Greetings Brenda,
The bear is my mother's and
I don't know when she got it. The music box was with the bear and I assumed it was in the bear since the back was torn open, but there doesn't seem to be enough room in the bear with the stuffing that is currently in it. The music box is marked with and plays Rock A Bye Baby.
The bear is 10.5" long from ear tips to bottom of feet and 9" wide paw to paw.

Hi Drew,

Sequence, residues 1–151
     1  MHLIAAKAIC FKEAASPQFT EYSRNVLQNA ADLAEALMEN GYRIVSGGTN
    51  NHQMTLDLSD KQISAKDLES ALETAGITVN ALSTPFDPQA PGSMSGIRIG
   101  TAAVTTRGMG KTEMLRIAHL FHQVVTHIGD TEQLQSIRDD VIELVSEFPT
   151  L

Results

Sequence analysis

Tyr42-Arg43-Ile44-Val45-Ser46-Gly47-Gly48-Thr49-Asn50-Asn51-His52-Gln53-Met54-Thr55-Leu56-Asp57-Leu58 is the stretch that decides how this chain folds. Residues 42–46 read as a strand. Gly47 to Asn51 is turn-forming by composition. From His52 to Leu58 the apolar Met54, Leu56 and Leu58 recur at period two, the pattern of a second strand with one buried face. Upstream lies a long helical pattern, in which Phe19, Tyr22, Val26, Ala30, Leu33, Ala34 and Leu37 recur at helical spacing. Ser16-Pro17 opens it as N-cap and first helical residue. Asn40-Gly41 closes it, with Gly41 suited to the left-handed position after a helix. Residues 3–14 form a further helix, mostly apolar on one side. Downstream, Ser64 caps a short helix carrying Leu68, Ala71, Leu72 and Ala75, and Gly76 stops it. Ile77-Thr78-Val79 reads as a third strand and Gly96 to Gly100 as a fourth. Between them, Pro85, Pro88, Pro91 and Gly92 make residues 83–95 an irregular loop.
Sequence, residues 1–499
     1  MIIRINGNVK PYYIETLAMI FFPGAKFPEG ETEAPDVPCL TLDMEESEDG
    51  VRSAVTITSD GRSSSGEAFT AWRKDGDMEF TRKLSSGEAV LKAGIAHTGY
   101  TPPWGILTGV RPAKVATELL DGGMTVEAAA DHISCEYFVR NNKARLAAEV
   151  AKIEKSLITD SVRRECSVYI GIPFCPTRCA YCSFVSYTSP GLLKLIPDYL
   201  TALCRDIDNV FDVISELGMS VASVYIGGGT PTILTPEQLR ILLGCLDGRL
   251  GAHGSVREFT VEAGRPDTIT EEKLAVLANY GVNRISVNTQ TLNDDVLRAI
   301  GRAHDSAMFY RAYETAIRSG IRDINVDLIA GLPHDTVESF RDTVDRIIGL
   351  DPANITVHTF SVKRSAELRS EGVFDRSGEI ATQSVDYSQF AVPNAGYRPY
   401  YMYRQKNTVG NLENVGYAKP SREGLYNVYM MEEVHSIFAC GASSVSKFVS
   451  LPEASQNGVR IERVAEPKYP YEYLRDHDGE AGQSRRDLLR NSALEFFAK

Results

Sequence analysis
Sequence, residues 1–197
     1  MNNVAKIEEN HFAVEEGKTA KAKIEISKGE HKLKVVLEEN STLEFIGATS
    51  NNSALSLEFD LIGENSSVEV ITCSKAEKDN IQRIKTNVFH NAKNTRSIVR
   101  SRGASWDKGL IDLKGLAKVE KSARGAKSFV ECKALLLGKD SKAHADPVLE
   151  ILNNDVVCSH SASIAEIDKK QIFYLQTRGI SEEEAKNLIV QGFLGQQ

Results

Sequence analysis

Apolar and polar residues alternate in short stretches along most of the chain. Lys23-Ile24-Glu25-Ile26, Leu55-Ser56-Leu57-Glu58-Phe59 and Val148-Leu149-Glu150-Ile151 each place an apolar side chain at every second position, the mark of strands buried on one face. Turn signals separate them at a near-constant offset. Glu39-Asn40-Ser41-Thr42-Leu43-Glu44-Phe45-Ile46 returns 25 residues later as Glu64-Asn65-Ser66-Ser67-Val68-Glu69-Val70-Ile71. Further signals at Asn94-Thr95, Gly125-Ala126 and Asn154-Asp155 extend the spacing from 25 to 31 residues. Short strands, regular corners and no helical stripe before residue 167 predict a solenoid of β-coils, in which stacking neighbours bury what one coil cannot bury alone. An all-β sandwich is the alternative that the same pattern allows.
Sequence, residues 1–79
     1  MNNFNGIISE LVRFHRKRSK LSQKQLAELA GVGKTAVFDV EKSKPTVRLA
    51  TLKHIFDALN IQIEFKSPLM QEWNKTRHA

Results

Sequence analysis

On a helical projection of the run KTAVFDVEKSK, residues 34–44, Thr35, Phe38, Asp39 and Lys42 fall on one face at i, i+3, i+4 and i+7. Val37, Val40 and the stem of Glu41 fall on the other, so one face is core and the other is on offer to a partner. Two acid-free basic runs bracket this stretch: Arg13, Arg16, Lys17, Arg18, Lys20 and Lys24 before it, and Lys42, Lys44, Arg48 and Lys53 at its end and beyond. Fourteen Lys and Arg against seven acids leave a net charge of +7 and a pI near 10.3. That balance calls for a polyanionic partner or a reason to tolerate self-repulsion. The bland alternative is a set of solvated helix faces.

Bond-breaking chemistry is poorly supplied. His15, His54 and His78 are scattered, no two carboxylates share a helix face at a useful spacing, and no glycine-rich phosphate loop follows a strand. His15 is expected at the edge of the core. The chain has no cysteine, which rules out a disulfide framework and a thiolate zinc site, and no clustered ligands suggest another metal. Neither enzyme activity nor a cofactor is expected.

Your Mom’s crib bear was intended for a child. The unjointed nature was meant to be a cuddle factor and safe. He is an American example, possibly from Gund, or Character. There are no pads on the hands or feet, meaning it was a simple construction. It dates to the 1940s, before the child safety laws as exhibited by his missing eyes. The felt backing just happened to be a trait with Character, with black shoe buttons used in the original examples. Their tags were generally sewn into the left ear seam. The Thorens music box was an imported Swiss product that was packaged in NY. As the teddy bear capital, New York had many established companies. The John Plain Catalog along with FAO Schwartz, Butler Brothers wholesale catalog and Playthings Magazine were all advertising tools. The material of the teddy appears to be wool with a woven backing. He has been gently rubbed over the years, causing fur loss. The nose and mouth appear to be original, along with the kapok stuffing. It would seem opposite to put a hard object such as the music box into a crib teddy, but this often happened! Do you have any pictures of your mom with teddy? That increases value and is know as provenance. As teddy appears, his value would be $45.00.